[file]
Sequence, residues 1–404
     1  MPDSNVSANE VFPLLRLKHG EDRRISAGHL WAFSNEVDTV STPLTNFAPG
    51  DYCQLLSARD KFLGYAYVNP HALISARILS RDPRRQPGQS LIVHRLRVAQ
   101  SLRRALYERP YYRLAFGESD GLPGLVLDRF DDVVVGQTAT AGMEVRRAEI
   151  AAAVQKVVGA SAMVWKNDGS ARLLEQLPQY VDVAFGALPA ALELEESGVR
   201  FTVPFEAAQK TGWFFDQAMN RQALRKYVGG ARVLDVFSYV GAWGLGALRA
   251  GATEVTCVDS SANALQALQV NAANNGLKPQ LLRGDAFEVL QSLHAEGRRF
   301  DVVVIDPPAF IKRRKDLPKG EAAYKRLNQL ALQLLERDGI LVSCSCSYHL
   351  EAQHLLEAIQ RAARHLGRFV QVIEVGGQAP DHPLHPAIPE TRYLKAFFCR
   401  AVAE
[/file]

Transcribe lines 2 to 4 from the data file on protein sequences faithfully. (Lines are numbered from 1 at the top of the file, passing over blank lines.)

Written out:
     1  MPDSNVSANE VFPLLRLKHG EDRRISAGHL WAFSNEVDTV STPLTNFAPG
    51  DYCQLLSARD KFLGYAYVNP HALISARILS RDPRRQPGQS LIVHRLRVAQ
   101  SLRRALYERP YYRLAFGESD GLPGLVLDRF DDVVVGQTAT AGMEVRRAEI